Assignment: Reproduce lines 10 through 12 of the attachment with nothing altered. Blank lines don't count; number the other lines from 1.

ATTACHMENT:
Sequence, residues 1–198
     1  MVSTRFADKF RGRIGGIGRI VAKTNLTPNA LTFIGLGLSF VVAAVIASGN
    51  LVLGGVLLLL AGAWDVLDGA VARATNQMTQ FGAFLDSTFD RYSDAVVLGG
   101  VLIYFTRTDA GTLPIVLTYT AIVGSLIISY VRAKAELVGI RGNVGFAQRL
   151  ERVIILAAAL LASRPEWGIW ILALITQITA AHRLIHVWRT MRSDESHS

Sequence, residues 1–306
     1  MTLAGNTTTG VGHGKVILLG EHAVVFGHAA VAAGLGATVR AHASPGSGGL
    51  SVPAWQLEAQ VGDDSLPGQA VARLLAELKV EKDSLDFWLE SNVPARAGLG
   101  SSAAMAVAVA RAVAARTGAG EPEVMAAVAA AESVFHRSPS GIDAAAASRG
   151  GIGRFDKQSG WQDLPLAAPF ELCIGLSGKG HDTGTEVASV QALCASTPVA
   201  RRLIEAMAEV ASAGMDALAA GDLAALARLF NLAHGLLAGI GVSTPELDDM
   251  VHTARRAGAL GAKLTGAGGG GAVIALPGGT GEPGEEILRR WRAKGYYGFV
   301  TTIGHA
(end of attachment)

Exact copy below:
   151  GIGRFDKQSG WQDLPLAAPF ELCIGLSGKG HDTGTEVASV QALCASTPVA
   201  RRLIEAMAEV ASAGMDALAA GDLAALARLF NLAHGLLAGI GVSTPELDDM
   251  VHTARRAGAL GAKLTGAGGG GAVIALPGGT GEPGEEILRR WRAKGYYGFV